As possessors of eyes, etc., we come ready to push buttons. Until then, we might be on standby too. In fact, we are the ones who really come to life around this piece.
We cannot look away from this collision between two speeds: geological time and recent speeds like broadband and 4G. We can hardly get faster. This rock reminds us how far we’ve come.
It also hints at the speed of the rock on which we live: about 30km per second. The Earth too is on standby, primed for natural disaster, a likelihood we are also accelerating.
So nice to know the artist hasn’t lost his sense of humour. If you could ROFL in a gallery without being ejected, you just might. This heavy piece of work has the lightest of touches.
It’s a curious thing. It is hoped that not many typos find their way from this keyboard onto your screen. But a recent blog post for Bad at Sports had at least three. My very bad.
What made it strange was that the subject of my review, Nick Davies, has been doing fantastic things with Tipp-Ex and hence capitalising on mistakes like mine, but those made in another age.
Here you see a sculpture made from Mistake Out, as it was first called. Note the petri dish; it looks to have been grown here like a stunted GM tree and not painstakingly painted into existence.
But of all the forms which dried Tipp-Ex could take, this tree is the most appropriate, as if Liquid Paper emanated from a liquid forest. (Without wood pulp we’d not have needed it.)
And this petrified grove, for there are a group of these sculptures, bring together the lab, the office and the gallery. All of which are implicated with the desolate whiteness of the plantlife.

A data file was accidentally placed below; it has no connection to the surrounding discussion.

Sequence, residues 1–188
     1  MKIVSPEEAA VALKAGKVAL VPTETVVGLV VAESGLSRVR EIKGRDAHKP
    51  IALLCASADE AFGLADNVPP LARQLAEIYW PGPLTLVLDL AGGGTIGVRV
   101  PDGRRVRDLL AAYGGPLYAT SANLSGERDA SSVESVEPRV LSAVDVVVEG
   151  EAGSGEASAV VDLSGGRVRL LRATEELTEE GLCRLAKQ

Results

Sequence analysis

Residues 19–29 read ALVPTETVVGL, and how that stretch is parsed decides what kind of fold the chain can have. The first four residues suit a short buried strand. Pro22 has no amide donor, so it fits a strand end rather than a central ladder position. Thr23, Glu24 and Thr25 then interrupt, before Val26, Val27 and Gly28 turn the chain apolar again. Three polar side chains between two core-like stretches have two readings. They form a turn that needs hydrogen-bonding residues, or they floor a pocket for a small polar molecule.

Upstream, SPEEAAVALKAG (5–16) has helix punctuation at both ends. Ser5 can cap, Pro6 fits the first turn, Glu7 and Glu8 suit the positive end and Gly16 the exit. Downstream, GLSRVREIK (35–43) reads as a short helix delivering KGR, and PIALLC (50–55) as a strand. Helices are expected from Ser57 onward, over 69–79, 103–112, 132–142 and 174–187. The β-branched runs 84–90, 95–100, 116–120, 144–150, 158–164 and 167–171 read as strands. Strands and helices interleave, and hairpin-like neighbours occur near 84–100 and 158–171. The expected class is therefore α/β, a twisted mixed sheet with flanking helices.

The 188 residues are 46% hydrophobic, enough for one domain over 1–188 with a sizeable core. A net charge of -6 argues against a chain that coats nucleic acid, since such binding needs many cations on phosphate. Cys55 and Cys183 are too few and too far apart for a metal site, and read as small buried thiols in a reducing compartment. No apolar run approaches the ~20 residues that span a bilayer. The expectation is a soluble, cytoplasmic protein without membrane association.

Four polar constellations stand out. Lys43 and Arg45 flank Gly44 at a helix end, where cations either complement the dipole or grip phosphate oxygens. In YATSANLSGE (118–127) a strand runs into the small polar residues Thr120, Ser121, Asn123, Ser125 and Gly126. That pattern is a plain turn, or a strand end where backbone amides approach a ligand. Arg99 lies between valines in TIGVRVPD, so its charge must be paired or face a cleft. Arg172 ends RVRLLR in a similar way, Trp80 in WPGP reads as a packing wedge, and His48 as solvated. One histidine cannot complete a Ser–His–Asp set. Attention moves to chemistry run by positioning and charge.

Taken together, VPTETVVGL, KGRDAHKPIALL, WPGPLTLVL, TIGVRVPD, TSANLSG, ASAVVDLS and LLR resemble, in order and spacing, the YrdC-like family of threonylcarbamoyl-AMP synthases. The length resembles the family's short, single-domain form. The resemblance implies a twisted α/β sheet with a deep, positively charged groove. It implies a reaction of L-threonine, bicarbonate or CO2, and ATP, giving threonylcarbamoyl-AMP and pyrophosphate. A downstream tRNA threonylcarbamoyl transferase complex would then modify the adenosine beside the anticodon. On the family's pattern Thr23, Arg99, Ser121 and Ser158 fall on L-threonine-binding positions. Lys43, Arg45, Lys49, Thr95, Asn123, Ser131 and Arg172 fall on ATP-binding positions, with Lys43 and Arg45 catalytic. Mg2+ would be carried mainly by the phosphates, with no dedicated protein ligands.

True, we have made some mistakes. We have signed away logging rights for far too many real trees. We have polluted seas and killed off coral reefs, which also come to mind.
It’s a major oversight. If only we could go back in time and erase a few thousand pen strokes. But Tipp-Ex was only about ameliorating office life, not life on the planet in general.
Now we have the delete button. Thanks to which, and to cut and paste, writing has become a kind of collage. And so it moves closer to art or at least to artfulness, and to the covering of tracks.
But mistakes just don’t seem to go away. There are social media users who post as quick as they can think and comment leavers oblivious to their crimes against grammar. Bloggers make howlers.
We’re really getting sloppy, and it’s a growing problem, like one of Davies’ spectral trees. Which just brings up the title of the artist’s handmade book, The Principal [sic] of Limited Sloppiness.